Due to declining budgets and enrollments, the PASSHE is considering the possibility of consolidating and/or closing some of its schools. System Chancellor Frank Brogan has called for a study “to look at restructuring the system to ensure it can continue its statutory mission of providing affordable, high-quality higher education in Pennsylvania. The study will look at academic programming and how it is aligned across the system; the impact of pricing on enrollment; the management structure of universities as well as the chancellor’s office; and more generally the higher education landscape in the commonwealth and how public funded institutions are competing with each other, among other areas, he said.” Ken Mash, president of the Association of Pennsylvania State College and University Faculties was reportedly “somewhat distressed that the focus of the discussion about reorganization was on the university finances and not students and their ability to afford to attend a state university.” (http://www.pennlive.com/politics/index.ssf/2017/02/restructuring_study_of_pa_stat.html).
While the Northeastern United States in general, and Pennsylvania in particular, are situated in a portion of the country that has been and is projected to continue to have declining numbers of high school graduates (https://www.insidehighered.com/news/2016/12/06/high-school-graduates-drop-number-and-be-increasingly-diverse), access to affordable higher education should be a topic of concern for language and literacy educators. As the 2016 NCTE Education Policy Platform states, “Ensuring equity is vital in a period when considerable control of education is moving to state, local, or institutional levels.” (https://www2.ncte.org/statement/2016-policy-platform/). In addition, given concerns raised about course teaching loads during the October 2016 PASSHE system strike (https://www2.ncte.org/resources/policy/?reportid=87?reportid=552), two of the “enabling conditions” for “sound writing instruction” at the postsecondary level as articulated in the CCC Principles for the Postsecondary Teaching of Writing should be kept in mind: “[providing] students with the support necessary to achieve their goals” and ensuring the instruction is provided “by instructors with reasonable and equitable working conditions” (https://cccc.ncte.org/cccc/resources/positions/postsecondarywriting/summary).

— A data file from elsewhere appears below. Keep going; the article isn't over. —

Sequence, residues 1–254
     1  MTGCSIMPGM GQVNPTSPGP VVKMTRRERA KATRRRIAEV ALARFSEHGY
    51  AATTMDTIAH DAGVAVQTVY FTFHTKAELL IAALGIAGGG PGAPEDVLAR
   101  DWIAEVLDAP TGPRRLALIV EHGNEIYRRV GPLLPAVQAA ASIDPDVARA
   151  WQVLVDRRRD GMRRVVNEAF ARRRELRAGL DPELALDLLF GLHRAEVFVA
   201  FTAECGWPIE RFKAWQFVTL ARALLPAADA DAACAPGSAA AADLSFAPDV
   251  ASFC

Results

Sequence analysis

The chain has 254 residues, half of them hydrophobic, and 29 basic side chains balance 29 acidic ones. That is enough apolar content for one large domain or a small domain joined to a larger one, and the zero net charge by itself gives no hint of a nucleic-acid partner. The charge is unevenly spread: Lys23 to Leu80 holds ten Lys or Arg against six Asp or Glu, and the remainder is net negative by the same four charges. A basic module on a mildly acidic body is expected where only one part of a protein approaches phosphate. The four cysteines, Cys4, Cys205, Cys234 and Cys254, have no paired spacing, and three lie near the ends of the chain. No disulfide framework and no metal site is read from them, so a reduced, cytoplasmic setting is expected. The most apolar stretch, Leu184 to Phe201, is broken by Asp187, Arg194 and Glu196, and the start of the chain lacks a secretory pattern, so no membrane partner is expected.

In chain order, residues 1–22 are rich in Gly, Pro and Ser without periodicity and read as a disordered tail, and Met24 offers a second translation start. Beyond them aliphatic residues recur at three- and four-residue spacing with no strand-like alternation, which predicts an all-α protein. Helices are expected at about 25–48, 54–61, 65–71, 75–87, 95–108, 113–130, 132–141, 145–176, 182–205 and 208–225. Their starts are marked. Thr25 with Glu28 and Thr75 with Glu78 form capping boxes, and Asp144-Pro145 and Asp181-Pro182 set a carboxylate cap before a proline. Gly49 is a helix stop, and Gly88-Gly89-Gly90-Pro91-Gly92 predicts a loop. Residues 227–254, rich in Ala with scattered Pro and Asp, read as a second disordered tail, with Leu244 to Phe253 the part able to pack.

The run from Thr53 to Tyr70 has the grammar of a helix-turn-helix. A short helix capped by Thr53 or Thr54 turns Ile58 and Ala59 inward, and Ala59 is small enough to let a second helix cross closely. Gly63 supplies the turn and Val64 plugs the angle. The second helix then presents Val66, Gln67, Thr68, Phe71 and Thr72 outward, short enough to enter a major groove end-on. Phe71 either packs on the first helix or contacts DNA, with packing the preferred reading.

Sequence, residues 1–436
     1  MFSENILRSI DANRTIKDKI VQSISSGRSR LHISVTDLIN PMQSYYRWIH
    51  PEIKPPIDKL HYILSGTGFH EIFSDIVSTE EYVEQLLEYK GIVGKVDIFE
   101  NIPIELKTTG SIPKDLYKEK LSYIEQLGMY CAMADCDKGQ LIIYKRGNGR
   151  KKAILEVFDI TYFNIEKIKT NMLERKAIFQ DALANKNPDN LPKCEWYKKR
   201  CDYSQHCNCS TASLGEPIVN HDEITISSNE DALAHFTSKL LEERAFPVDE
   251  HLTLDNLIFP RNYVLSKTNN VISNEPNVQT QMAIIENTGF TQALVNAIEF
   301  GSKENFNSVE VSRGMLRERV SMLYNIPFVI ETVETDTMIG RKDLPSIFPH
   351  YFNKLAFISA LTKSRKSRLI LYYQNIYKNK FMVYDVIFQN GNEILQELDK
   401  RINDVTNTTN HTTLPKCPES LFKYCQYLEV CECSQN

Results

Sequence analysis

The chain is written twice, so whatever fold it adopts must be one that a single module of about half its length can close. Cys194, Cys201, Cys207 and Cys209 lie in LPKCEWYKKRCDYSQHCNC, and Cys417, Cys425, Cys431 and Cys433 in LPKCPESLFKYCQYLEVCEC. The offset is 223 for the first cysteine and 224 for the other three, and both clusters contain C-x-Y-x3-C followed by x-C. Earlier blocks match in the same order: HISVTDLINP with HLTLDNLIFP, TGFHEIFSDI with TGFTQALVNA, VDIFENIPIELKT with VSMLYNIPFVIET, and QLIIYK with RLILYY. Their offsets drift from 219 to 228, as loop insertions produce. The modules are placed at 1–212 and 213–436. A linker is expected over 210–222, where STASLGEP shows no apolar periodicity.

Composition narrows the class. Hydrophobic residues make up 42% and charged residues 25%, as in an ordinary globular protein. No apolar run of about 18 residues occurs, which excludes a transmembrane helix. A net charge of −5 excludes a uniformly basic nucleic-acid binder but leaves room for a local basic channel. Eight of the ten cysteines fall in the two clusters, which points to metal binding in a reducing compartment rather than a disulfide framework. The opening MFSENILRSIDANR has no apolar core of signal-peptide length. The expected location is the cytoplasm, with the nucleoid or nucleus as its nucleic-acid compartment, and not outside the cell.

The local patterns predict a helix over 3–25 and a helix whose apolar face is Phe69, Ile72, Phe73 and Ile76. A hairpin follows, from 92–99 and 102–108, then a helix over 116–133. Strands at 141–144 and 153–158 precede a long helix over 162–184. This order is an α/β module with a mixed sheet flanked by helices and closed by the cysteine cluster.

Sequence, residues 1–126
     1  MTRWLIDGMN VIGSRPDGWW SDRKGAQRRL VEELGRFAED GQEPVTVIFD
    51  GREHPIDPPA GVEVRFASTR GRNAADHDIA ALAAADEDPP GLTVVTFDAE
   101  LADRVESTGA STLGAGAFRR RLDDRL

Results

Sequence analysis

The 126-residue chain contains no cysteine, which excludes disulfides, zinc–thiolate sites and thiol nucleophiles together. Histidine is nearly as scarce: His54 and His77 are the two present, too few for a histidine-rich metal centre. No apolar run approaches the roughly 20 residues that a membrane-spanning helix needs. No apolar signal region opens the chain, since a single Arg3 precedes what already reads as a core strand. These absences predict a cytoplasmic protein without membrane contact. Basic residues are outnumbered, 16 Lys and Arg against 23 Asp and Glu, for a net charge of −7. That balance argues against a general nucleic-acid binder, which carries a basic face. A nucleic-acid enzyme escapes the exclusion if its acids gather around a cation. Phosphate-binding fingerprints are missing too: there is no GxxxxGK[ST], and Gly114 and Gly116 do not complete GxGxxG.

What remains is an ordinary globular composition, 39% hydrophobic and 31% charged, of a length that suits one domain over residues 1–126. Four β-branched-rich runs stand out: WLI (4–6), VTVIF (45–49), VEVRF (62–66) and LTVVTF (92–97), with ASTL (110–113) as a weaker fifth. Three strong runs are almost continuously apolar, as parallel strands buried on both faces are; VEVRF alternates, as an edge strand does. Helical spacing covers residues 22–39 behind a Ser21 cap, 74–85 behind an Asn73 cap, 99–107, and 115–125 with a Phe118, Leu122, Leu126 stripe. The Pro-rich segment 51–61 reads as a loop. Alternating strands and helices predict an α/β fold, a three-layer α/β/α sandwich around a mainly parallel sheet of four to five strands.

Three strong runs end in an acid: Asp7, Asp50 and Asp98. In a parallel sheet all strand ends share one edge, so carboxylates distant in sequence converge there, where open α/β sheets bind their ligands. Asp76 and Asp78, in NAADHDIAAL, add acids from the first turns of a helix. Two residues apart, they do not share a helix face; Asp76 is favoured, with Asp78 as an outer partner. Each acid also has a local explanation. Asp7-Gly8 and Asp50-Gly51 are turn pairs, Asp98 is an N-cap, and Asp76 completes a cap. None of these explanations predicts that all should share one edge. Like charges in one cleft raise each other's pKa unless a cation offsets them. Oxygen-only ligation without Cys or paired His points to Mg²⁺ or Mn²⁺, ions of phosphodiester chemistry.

I recently corresponded with several colleagues in the University System of Georgia, which has been going through a process of consolidation over several years (http://www.usg.edu/consolidation/). While few of them expressed concern over students’ access to higher education as a result of the consolidation, they described varying levels of success in merging campus cultures and especially in trying to distribute courses and faculty within consolidated departments and programs. Current faculty in English and Writing departments in the PASSHE system may want to begin to consider beginning those discussions now.